The Organizational Development Muse

Dr. Mark L. Vincent's Blog

A lesson in organizational leadership from visiting McDonald's

Posted by Mark L. Vincent on Mar 7, 2008 8:29:00 AM

A recent McDonald’s visit left me scratching my head. An old geezer (I use the word advisedly) returned to the counter to return his sandwich because it had cheese on it. Since the sandwich comes with cheese normally, he would have needed to request it to be removed, which he had not done. I know this because he made his order loudly and I was standing behind him in line.

He used the occasion to argue just as loud as he had ordered.

“Everyone knows I can’t eat cheese!” (Apparently he was a regular)

“McDonald’s cheese looks like something in my grandaughter’s diaper.”  (Ewwwwww!)

“Come here in the evenings and all you get are a mess of lazy kids working behind the counter.” (I was thinking “work here in the evenings and you get customers with nothing better to do than hang out all evening at McDonald’s”).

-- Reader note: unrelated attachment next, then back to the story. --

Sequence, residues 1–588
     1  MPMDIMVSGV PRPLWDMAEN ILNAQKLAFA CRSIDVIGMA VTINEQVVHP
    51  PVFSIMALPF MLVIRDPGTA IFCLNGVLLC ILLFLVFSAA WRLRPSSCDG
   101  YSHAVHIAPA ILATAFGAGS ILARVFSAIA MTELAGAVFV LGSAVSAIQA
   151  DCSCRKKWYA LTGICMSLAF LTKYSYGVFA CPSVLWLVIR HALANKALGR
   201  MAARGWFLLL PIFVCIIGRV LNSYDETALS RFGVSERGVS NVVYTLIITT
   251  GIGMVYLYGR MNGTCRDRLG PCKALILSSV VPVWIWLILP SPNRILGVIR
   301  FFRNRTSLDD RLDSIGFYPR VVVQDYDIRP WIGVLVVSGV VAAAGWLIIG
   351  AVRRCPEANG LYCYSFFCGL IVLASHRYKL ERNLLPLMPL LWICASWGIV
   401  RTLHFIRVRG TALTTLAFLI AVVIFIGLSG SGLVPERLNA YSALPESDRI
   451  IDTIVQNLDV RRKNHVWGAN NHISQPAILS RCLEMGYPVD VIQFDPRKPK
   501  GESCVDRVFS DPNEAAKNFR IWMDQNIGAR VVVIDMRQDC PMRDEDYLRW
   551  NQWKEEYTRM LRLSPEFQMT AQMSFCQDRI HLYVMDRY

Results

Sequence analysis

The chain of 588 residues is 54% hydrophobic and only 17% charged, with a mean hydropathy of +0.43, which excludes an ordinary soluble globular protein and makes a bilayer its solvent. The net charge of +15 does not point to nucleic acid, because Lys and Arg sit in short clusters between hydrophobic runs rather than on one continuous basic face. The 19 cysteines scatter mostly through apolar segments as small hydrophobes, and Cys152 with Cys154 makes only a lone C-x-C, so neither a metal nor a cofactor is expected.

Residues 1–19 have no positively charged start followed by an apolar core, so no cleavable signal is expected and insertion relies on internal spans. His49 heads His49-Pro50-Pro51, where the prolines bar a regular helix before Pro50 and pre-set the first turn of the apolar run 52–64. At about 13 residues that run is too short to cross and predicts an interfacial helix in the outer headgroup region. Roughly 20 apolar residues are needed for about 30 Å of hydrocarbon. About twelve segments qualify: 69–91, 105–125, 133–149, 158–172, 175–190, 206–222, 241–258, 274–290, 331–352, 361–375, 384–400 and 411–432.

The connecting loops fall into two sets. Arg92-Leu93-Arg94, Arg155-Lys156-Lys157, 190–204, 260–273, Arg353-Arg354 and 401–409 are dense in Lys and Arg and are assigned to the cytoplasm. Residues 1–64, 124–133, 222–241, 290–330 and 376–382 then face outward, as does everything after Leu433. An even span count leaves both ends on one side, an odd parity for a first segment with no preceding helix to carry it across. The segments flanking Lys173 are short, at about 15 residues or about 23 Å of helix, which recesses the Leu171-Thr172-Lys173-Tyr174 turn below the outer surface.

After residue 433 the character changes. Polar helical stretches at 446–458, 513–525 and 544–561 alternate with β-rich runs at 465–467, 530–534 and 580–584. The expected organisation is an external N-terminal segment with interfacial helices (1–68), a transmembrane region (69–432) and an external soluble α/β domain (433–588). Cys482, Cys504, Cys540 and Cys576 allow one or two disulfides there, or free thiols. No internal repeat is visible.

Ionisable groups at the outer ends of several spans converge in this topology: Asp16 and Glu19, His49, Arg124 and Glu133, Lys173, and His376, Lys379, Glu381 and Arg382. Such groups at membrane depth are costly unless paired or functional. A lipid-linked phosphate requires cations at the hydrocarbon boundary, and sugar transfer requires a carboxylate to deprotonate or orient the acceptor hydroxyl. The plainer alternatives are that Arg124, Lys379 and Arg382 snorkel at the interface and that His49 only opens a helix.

With every comment Mr. Geezer looked me in the eye and wanted me to agree with him. What was I supposed to say?

“Sorry I didn’t know that cheese is a problem for you. I’ll try to remember that in the future even though I live four hundred miles west of you and will probably never see you again.”

“Now that you’ve spoiled my dinner with the grandaughter’s diaper comment, would you do me a favor and ask them for my money back?”

“Actually, I think young people today are filled with hope and promise. I guess you find what you are looking for.”

I write all this because bringing leadership isn’t something someone can do 24/7. I can’t be the customer police, retool the McDonald’s menu so it clearly says “you get cheese on your sandwich unless you request it to be removed,” nor provide a customer service lesson to the employees currently working on that shift.

The leadership point of view is something one carefully cultivates, but one must also carefully cultivate when to put it to work. Focus on right now things or nearby things and the long-term gets removed.

I’ve been impressed lately with the life of King Hezekiah as an example of a leader who kept the main thing the main thing. See 2 Chronicles 29 and following in the bible for the story of his life, and the inspiration of his example. He carried out his mission of reform in spite of the many distractions that could have derailed him. Items like threats of war, religious diversity, and corruption didn’t get in the way of what he new needed doing.

-mark l vincent



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